I have submitted a research paper to a peer-reviewed journal two months ago. It is my first submission. I have noticed two unfortunate elements in my introduction:

  1. I wrote the same sentence twice in my introduction.

  2. In one of the sentences, I have repeated the same word twice consecutively.

I think these mistakes came up with copying and pasting when I was trying to adjust my paragraphs in the introduction. Otherwise, I have already made grammar and spell check for the rest of the paper. Also, I am sure that the introduction is clearly written.

My question is that: can this kind of mistake (I think it is a minor mistake) cause a rejection by referees ? (The paper did not get a desk rejection, it is under review.) I will be really happy if you can share your experience regarding this kind of mistakes during the review process.

  • 1
    I think this question would receive more attention if it were phrased more broadly, e.g. what to do if I discovered a typo in a paper that I submitted for review?
    – henning
    Dec 17, 2017 at 10:56
  • You will be happy if those will be the only remarks. A serious referees will ask you to correct WHILE specifying to the editors that the paper is basically accepted AS IT IS, independent of the multiple choice grid that journala propose in their online reviewing pages.
    – Alchimista
    Dec 17, 2017 at 14:30

3 Answers 3


Regarding the repeated words, most people would not notice the the repetition at all. Regarding the sentence, they might be confused for a second, check back, see it's written twice, and continue as if nothing had happened.

Most will add a short note to the review, among those of other typos, that the sentence "..." appears twice. Nothing to be worried about, this alone will never cause a rejection of even major revision.

  • 8
    I noted "the the repetition". ;)
    – The Doctor
    Dec 17, 2017 at 12:31
  • 7
    caught me though :) Dec 17, 2017 at 14:58
  • 3
    He got me :( Great reply!
    – Cloud Chem
    Dec 20, 2017 at 5:33

I would not worry too much in your place. Reviewers do not like non-proofed papers and it indeed can irritate them. To some extent, this might be because for English-native reader the non-proofed text might be not clear enough. But this is not your case. A repeated word there are high chances that no one will notice. The repeated sentence will be likely noticed, but it is clear that this was a silly technical one-time error. Had it happened several times in the paper, it could be considered as an author reckless. But this is not your case. I think you will get a minor point in revision for this. Obviously, no need to write the editor - the paper is already went to review. What you expect from the editor to do? In best case, the editor will understand the error is just sort of a typo, and will politely answer that this is OK this way. In worse case, he/she will cancel the review thinking that the matter is really serious, but you will likely not go to review the second time. So, just wait and hope for good. Good Luck!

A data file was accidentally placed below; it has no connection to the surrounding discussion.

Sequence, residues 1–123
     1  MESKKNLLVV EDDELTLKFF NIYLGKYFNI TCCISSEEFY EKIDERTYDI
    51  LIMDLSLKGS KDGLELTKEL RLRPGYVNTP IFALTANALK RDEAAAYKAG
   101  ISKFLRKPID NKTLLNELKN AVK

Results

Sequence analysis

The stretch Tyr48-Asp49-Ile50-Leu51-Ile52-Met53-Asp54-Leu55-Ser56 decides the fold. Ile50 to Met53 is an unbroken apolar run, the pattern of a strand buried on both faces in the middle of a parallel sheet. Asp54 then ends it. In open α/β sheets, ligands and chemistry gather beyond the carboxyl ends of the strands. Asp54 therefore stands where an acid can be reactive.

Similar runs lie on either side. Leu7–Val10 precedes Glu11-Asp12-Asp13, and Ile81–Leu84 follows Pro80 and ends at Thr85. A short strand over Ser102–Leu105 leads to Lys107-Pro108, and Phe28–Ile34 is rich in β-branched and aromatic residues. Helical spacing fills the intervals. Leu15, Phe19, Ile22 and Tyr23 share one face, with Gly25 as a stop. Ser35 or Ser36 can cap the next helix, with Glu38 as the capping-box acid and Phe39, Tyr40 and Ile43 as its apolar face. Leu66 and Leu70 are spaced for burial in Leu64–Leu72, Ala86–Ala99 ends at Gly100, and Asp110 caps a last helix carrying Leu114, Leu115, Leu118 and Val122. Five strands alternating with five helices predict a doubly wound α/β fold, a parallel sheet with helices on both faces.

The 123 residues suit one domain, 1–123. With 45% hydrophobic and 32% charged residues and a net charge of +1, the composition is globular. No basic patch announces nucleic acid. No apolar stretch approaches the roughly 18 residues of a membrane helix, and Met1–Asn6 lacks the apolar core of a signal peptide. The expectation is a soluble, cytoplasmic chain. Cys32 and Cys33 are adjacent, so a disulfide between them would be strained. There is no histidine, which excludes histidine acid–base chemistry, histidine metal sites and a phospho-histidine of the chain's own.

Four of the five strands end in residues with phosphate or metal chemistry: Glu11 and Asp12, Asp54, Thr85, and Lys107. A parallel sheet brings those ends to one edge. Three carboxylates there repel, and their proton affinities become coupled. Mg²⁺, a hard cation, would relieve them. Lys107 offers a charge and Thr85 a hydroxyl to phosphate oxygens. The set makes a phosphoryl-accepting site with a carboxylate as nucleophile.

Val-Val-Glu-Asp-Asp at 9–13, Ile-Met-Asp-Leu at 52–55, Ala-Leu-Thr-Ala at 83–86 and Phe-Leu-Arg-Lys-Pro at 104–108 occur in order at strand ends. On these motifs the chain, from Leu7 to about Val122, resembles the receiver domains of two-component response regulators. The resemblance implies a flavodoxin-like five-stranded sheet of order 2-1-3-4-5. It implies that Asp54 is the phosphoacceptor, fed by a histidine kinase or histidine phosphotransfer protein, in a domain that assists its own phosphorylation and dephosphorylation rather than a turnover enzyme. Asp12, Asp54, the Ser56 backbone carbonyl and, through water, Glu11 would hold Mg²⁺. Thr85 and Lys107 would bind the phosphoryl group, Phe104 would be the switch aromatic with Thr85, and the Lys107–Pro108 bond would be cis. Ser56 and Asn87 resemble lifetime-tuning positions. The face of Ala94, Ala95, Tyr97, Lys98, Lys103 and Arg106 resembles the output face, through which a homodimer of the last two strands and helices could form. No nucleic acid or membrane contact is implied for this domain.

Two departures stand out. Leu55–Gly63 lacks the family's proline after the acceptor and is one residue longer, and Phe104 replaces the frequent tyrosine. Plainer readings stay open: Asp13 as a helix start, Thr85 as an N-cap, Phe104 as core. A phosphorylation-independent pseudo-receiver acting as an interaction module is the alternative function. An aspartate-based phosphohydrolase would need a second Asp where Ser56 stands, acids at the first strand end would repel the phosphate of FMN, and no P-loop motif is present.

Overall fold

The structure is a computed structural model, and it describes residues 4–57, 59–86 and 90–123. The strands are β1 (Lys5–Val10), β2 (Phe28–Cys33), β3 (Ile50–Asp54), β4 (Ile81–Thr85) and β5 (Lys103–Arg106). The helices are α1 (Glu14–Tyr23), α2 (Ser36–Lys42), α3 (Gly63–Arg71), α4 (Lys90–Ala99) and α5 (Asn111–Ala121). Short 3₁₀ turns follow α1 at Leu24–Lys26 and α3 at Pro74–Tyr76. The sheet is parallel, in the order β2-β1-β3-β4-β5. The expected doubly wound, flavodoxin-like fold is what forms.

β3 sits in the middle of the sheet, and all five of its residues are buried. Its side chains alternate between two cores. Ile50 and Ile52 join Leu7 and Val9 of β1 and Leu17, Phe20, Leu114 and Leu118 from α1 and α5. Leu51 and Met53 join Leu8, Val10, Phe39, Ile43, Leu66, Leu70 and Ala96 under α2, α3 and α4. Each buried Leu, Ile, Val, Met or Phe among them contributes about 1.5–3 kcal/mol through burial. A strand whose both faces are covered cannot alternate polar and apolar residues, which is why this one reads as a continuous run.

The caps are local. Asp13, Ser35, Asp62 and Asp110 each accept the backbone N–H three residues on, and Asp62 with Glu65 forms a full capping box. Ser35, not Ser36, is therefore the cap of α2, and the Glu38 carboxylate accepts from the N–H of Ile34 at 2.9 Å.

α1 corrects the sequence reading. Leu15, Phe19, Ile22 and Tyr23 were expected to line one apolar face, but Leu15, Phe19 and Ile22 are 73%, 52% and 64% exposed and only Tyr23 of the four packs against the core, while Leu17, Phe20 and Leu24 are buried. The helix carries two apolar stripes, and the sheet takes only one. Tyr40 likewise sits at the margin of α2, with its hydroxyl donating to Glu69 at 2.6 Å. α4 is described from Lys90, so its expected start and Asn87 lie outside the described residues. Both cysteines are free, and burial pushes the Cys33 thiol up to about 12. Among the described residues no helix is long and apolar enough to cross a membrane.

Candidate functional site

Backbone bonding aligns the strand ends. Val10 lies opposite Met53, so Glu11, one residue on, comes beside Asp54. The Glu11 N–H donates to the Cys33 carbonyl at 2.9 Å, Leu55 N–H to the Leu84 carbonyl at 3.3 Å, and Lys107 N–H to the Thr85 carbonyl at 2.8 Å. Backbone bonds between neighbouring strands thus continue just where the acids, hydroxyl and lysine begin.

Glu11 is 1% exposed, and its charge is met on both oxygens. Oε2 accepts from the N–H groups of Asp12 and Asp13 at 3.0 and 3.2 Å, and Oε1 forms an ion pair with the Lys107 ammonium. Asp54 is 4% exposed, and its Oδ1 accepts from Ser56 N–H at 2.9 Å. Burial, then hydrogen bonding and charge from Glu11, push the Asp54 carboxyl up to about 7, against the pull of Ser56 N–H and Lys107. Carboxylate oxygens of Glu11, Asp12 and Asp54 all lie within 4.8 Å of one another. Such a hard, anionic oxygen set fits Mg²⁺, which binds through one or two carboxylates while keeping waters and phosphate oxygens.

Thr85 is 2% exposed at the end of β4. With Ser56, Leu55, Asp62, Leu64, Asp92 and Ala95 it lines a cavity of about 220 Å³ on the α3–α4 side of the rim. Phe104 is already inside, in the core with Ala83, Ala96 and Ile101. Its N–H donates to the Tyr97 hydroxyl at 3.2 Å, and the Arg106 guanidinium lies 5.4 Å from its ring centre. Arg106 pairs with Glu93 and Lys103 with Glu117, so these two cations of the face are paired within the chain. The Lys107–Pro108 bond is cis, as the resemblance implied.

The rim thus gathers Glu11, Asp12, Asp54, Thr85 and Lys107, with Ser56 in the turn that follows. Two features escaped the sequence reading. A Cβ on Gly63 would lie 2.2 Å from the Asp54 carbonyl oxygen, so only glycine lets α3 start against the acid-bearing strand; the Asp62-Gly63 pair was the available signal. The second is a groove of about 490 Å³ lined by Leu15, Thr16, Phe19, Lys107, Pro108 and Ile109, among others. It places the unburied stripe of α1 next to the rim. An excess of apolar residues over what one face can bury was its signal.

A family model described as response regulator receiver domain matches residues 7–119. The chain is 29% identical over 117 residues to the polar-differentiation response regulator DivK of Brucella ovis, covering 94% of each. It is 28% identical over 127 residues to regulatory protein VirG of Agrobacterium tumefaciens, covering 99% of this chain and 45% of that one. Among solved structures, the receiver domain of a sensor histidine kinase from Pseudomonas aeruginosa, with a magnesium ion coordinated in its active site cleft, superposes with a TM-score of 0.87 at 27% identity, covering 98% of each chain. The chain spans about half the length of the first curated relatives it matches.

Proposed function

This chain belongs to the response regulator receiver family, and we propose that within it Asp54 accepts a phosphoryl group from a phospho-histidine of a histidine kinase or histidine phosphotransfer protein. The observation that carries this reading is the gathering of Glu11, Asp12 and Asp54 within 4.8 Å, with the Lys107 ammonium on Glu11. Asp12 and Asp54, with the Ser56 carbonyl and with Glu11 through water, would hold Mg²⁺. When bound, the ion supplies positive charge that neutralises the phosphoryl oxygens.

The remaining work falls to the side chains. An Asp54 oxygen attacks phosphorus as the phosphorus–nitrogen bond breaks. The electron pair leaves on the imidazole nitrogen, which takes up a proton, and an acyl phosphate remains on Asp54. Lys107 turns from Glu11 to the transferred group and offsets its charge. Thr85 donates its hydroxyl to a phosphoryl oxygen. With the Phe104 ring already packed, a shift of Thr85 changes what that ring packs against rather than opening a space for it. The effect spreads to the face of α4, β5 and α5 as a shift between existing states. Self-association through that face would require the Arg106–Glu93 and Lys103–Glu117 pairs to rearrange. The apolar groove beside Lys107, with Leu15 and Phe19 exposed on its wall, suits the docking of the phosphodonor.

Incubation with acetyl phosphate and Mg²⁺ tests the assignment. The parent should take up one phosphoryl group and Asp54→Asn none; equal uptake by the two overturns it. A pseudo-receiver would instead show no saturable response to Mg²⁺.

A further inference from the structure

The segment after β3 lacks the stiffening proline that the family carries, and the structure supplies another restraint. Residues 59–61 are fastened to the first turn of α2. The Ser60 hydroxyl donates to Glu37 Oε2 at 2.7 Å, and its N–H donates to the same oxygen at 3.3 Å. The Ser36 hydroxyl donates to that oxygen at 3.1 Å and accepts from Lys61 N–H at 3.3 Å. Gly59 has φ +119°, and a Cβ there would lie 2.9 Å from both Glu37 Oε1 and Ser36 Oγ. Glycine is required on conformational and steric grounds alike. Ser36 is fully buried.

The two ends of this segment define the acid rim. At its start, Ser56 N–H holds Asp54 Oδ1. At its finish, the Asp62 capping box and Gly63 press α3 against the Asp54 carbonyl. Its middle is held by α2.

As a reviewer, I would not reject a paper for these two errors alone. But the errors certainly make a bad impression, and I might reject if the paper was otherwise border-line acceptable.

To me, mistakes like this indicate that the author(s) were too lazy to proof-read their paper properly. I don’t see why I should do their proof-reading for them.

I especially have little patience with mistakes that can be identified with commonly-available spelling/grammar checkers. Again, these alone might not be a reason for rejection, but they certainly put me in a bad mood.

I suggest that the OP does nothing, and waits for reviewer feedback. But learn something from this experience, and be more careful in the future. Impatient bad-tempered curmudgeons like me are common in the reviewer community, and it’s not a good idea to do things that annoy us.


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